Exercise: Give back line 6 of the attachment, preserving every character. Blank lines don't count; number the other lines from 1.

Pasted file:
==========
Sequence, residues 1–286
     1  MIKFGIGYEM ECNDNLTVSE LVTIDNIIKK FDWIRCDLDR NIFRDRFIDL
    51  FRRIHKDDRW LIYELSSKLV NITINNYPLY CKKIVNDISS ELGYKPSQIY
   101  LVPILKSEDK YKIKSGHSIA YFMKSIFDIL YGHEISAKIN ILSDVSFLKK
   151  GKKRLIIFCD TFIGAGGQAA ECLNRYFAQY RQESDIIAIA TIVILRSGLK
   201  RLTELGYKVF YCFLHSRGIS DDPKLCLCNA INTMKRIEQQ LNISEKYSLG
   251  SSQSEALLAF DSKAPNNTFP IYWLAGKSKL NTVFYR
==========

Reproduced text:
   201  RLTELGYKVF YCFLHSRGIS DDPKLCLCNA INTMKRIEQQ LNISEKYSLG